Trauma and Adversity in the Lives of Children and Adolescents Attending a Mental Health Service
Published online by Cambridge University Press: 16 July 2015
Although childhood trauma and family adversity can increase vulnerability to serious mental health problems, uncertainty exists about the nature and prevalence in a clinical population. This embedded research aims to establish the prevalence of trauma and adversity in young people seeking help from Child and Adolescent Mental Health Services (CAMHS). All children, adolescents, and their parents/guardian attending their initial assessment at a CAMHS service were invited to participate in the ‘Stressful Life and Family Difficulties study’ and a clinical interview. 162 families participated in the study. It was more common for young people to experience multiple adversities (three or more) in the last 12 months than single events. Mothers self-reported a greater number of family adversities than fathers. According to clinicians, the most frequent adversities experienced by young people were having a parent with a mental illness (66%), being bullied (63%) and parental divorce or separation (43%). Overall, clinicians reported that 69% of CAMHS clients had experienced a potentially traumatic experience (any physical, emotional or sexual abuse, child neglect or traumatic event). Moreover, young people with trauma histories were significantly more likely to have a parent with a history of trauma.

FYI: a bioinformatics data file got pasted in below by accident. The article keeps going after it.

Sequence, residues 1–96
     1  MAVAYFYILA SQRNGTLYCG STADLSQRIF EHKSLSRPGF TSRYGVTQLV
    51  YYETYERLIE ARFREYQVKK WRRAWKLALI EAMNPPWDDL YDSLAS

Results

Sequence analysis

- Conference Proceedings
- Children Australia , Volume 40 , Issue 3: INTERPRETING NEUROSCIENCE, CREATING EVIDENCE - A COLLECTION OF AUSTRALIAN BASED TRAUMA INFORMED RESEARCH AND PRACTICE , September 2015 , pp. 167 - 179
- Copyright © The Author(s) 2015